Behind ILM’s cloth sims for Count Dooku in Attack of the Clones.
Attack of the Clones is celebrating its 20th anniversary this week. To celebrate, I thought I’d present this excerpt from issue #1 of befores & afters magazine which feature a look at digital capes in film history, including the cape for Count Dooku from the film.
By the early 2000s, ILM had done a whole lot more CG cloth simulation, with a major effort in this area required for Attack of the Clones, released in 2002. Here, Jedi robes and various cloaks and capes all needed to be simulated. This included for the villain Count Dooku, played by common cape wearer, Christopher Lee.
Is Dooku’s cape as famous as those that have been worn by your typical superhero or villain? Perhaps not, but it was still a key piece of wardrobe required for the character, and one that needed to be solved by ILM digitally just like the many other cloth simulations in the film.
At ILM, the cape work was approached as a technical animation and creature effects project. One member of the team was Juan-Luis Sanchez, credited as a digital model development and construction artist on Clones, and subsequently as a digital clothing supervisor on Revenge of the Sith (where capes were again heavily featured). Sanchez says that ILM technical animation supervisor James Tooley led the effort on the cloth simulation approaches for digi-doubles and digital characters.
“The big thing we needed to solve on Clones,” details Sanchez, “was layered cloth sims. We knew how to do a single layer of cloth, but how do we do double layers? Do we sim it altogether? Do we do it outside-in? Do we do it inside-out? Could it scale? These were all the production questions we had.”
To handle cloth on the film, ILM’s tool of choice at the time was its own proprietary Caricature or CARI system, originally built by Cary Phillips to enable facial animation on Dragonheart. “CARI had been built into a cloth solver,” outlines Sanchez. “We used Softimage for animation and CARI for the actual cloth sim and cloth ‘fixing’ for the shots.”
“The cool thing about CARI,” attests Sanchez, “was that you could paint what we called ‘tacks’ that were essentially position, acceleration and velocity or damping constraints, and then layer them together. It allowed us to get certain silhouettes that we wanted on a particular frame. CARI was so great in that way because you could really easily sculpt shape upon shape and shape. Later, things switched into ILM’s Zeno toolset and they put the PhysBAM simulation engine into Zeno for both hair and cloth sims.”
Count Dooku’s digi-double CG cape in Attack of the Clones came into play for shots in which he attempts to escape on a speeder on Geonosis, during the duel against Yoda, and on Coruscant when he meets Darth Sidious. “There were times where we transitioned from a live-action actor to the digi-double with the cape which was really exciting for us because of making those transitions seamless,” recalls Sanchez.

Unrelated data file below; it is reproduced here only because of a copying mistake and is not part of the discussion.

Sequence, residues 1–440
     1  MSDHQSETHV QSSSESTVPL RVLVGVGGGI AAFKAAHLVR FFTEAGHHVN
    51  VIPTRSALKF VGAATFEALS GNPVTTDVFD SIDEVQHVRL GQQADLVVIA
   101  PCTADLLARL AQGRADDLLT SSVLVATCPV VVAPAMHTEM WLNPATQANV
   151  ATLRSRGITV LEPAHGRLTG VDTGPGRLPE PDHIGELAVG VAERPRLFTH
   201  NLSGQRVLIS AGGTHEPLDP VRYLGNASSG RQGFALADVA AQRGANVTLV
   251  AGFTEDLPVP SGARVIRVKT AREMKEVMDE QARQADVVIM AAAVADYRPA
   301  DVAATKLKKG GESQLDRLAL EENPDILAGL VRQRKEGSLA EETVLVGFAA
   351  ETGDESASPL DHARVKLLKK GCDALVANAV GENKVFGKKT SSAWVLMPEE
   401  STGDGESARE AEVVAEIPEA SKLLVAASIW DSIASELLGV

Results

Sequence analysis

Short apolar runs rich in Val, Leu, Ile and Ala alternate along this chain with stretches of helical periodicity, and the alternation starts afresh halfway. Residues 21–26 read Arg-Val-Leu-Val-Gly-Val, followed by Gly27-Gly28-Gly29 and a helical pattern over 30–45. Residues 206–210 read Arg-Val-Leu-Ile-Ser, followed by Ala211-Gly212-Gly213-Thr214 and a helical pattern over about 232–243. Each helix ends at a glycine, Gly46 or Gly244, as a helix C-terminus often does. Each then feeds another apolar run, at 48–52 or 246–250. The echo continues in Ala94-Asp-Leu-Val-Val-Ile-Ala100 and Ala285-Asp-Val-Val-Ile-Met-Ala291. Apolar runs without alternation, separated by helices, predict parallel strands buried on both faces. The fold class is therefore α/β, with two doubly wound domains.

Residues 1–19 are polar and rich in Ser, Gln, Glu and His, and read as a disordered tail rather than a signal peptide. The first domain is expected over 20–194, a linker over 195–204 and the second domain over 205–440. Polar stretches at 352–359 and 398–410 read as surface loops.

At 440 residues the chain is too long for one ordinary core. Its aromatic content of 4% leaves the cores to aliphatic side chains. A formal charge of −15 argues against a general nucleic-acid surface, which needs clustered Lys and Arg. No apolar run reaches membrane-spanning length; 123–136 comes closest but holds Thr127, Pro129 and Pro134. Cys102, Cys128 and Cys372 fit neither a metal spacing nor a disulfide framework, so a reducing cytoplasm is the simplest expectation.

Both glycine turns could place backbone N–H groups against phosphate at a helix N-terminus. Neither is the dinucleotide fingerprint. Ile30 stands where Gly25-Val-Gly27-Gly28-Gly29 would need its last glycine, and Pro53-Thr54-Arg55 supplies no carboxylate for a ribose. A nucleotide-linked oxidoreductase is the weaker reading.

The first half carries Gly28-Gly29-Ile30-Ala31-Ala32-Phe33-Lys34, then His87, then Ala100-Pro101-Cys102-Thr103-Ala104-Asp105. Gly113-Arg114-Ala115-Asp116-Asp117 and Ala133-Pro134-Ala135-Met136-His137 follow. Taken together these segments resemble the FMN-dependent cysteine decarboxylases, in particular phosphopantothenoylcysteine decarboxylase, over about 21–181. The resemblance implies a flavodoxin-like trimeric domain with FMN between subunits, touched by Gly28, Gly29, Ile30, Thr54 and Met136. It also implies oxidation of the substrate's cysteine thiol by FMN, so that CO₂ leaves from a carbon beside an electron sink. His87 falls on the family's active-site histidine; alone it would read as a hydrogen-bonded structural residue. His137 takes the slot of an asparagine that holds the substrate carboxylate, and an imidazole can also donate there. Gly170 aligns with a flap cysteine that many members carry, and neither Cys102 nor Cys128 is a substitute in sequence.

ILM’s cloth sim workload for Clones would be huge, but, interestingly, the process for simulating Dooku’s cape was slightly different than the other robe/cloak/cape tasks. “For all the other characters,” says Sanchez, “we were given a model of what was always referred to as the ‘Kenny pose’, as in, South Park’s Kenny. It was this completely inflated hood and flattened out conical shape. And we’d then sim that on top of the character as if it was floating there. But for Dooku’s cape, it had this characteristic fold back over the shoulders.”
“So, rather than just give us a model with that folded back, what we got was a flat conical robe and then we’d sim the folds in place and get the shape draping naturally on him. It was really the early days of what I came to call ‘dynamic tailoring.’ We’d end up with a saved-out shape that was dynamically consistent and where all the forces had already been worked out in that process.”
“Normally,” adds Sanchez, “if you get a model in place with wrinkles and shape and everything and then you sim it, gravity will pull on it and it just gets longer. But if you’ve sim’d it into place, then all of that gravity has already been taken into account. So, Dooku’s cape was interesting because we realized we had to sim it into place and then hold it there and hope that it did the right thing!”
Sanchez’s experience with Count Dooku’s cape was particularly memorable, not just for the CG simulations he wrangled, but also because he was called upon to double for the character himself in a few insert shots. Sanchez didn’t even mind when one of his own insert shots for Dooku’s arrival on Coruscant was ultimately replaced by a fully CG double, complete with digital cape.
“By then, which was right at the end of production, the cape came out of the oven looking amazing. I think we did two takes and it looked great. It was really satisfying because the machine was really humming at that point and you kind of felt like, ‘Okay, this is as easy as it should be.’ Whereas earlier it was pain. Lots and lots of pain!”
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